Those of us who are far too indie/jangle-pop nerdy for our own good, might well remember a band called The Kites who I vaguely recall seeing in a pub somewhere near Plymouth way when I went to visit my mate who was at University there in the early 1990's. Impressed enough to still remember them in the YouTube years, I was able to dig out a recording of their gloriously jangly 1994 single Faster (link here).
25 years later and after about 25 bands have stolen their name, the four-piece are now based at the opposite nautical end of the "Dockyard Derby" (only UK football fans will get this reference !) in Portsmouth and have built upon the salty sea dog theme by adopting the new name of the Lost Ships.
Thankfully they are still great and play a similar type of indie/jangle-pop as previously although they have undoubtedly added just that bit of muscularity and maturity to their general sound.
The opening title track (see below) sets a very high bar. Here Darren Hayman's muscular Hefner era indie-pop meets the slightest essence of the The Decemberists style folk-pop and juxtaposes both against gloriously fibrous jangle-pop that insists on imbuing originality into every musical pore. It is a more meaty sound than the fluttering jangle-pop of The Kites but consequently even more appealing.
The next track, Rose Sings The Best Tunes, distances itself away from the under-cooked raw essence of indie-pop and adds several bells and production whistles to the mix to give the aesthetic a more pop-infused edge. Complete with two choruses, one of which goes full pop stretching out a gloriously ear-worm ba dadada.
If you have a melodic soul that is clinically dead due to listening to too much industrial grime or angry Afro American types rapping an insistence that everyone they do not like is likely to be engaging in sexual intercourse with their own mothers, then you might not sing along....the rest of you will not be able to help yourselves. Luckily the track stops well short at becoming a Travis tribute by virtue of the fact the jangle-pop infusion never threatens to become subservient.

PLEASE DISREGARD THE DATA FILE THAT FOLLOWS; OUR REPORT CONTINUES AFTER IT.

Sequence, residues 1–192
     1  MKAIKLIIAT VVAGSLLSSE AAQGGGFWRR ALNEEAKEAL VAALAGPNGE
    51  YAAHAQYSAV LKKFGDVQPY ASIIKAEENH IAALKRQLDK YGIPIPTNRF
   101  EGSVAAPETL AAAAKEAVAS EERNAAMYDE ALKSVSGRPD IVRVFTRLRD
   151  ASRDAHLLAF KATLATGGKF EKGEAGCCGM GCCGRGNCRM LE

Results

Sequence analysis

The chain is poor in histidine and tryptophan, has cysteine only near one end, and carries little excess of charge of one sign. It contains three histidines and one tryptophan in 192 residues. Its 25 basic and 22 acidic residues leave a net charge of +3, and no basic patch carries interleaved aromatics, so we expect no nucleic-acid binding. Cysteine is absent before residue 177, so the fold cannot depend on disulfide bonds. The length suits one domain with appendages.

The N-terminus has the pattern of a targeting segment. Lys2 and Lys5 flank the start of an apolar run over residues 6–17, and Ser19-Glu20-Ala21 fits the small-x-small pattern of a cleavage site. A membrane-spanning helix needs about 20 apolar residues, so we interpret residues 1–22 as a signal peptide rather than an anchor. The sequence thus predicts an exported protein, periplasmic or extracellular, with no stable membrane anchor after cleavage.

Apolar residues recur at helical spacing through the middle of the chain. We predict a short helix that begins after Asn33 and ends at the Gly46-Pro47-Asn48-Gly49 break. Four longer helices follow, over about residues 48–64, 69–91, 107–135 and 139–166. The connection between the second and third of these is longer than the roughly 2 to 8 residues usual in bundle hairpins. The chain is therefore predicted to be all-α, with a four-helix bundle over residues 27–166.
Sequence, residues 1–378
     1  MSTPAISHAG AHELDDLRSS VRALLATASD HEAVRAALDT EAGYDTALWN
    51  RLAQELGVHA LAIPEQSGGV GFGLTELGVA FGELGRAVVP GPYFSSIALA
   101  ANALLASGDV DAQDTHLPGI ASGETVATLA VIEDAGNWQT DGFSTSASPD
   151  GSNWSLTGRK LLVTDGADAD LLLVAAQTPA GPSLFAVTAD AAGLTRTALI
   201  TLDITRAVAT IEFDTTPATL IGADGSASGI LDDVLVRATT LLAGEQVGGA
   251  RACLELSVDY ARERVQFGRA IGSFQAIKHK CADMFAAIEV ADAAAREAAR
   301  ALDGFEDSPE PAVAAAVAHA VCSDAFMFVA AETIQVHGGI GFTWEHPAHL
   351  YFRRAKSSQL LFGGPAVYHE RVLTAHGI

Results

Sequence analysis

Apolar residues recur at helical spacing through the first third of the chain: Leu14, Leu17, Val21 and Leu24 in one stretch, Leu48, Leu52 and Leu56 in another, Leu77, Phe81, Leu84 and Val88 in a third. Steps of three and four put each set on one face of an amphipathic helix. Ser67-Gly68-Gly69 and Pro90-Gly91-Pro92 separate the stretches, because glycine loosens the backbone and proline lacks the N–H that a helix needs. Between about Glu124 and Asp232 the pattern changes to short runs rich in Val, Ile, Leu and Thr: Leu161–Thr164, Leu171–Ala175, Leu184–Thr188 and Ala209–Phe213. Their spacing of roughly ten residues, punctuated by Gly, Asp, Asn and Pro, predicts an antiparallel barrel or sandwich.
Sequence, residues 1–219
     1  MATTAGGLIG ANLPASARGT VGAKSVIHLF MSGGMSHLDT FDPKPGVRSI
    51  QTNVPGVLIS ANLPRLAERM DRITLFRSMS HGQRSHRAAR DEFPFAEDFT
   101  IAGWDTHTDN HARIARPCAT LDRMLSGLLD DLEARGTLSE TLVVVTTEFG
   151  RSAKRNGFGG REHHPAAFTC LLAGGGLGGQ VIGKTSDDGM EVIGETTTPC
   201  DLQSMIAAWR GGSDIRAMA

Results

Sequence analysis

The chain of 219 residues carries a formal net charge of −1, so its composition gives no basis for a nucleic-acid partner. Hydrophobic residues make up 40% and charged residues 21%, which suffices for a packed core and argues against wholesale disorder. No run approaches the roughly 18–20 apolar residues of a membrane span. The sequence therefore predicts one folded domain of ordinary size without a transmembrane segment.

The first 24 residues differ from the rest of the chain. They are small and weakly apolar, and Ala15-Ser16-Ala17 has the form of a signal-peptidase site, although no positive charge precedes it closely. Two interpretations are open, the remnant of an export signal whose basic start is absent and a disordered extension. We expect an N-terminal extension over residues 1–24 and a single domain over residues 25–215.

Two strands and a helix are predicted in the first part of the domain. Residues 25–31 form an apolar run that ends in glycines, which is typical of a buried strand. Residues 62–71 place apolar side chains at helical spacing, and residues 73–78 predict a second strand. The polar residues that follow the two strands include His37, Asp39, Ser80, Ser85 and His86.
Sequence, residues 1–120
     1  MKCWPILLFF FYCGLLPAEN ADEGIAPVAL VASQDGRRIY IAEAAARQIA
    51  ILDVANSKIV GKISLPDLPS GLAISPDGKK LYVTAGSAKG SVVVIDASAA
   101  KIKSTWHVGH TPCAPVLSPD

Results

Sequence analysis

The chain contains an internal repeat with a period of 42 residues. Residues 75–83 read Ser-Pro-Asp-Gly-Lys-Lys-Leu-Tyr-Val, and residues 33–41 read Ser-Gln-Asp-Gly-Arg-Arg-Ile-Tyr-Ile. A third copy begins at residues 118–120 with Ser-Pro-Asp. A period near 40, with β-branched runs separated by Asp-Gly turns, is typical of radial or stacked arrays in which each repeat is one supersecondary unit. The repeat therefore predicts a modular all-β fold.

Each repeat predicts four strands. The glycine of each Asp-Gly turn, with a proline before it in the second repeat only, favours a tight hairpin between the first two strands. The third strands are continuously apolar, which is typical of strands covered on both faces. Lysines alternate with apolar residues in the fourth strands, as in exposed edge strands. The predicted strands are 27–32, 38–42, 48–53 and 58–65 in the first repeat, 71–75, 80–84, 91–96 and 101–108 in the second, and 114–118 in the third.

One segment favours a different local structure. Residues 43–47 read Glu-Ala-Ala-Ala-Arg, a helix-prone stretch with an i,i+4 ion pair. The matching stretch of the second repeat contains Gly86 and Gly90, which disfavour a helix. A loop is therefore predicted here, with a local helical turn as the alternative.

The EP then moves on to the most aggressive of the four tracks with Half Life. Here a Teenage Fanclub influence would take centre stage if it was not for the fact that the bass is too prominent. As such it becomes a beguiling mixture of the prettiness of TFC and the more pugnacious sound of Buffalo Tom all wrapped up in a tempo that displays the nearest this band is ever likely to draw close to 'anything power-pop'.
The final track, Here's What You Could Have Won (see above), is the stand out track of the release and sees the band revert back to their jangly indie-pop default mode. Whilst the tempo of the music and vocal delivery decreases significantly in comparison to the other tracks, their is still that infinitely alluring jangled guitar work infiltrating virtually every moment as the band release the best Fortuna Pop! era Darren Hayman that he Hayman never recorded. This is a truly wonderful track and is free for download at Bandcamp at present as well !
It is perhaps easy to see why The Kites did not quite take off in the early 90's. They missed the 80's jangle-pop glory years in the UK by a few years and were way too pretty to survive the onset of a Britpop era that celebrated lad culture like none before or after.
However there is certainly a place for such beautiful indie/jangle-pop in the musical oxygen of today and a band like Lost Ships will only help to ensure it stays crystal clear.